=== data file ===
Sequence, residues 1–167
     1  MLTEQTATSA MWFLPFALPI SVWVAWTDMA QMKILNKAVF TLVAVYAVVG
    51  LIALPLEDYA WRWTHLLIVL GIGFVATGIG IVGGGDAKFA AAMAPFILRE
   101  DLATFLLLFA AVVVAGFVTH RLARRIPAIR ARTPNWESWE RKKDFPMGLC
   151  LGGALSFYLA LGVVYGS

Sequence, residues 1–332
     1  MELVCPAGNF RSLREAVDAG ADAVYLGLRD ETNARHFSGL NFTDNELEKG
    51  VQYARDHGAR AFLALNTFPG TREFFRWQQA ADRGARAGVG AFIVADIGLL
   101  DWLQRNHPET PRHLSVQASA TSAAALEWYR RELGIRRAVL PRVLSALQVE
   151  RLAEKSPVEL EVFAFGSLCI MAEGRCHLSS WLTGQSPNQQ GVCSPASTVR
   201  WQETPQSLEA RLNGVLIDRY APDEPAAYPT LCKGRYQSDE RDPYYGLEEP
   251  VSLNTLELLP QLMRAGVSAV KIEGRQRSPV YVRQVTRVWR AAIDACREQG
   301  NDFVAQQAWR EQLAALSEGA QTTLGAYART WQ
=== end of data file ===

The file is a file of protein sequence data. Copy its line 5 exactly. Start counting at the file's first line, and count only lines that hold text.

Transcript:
   151  LGGALSFYLA LGVVYGS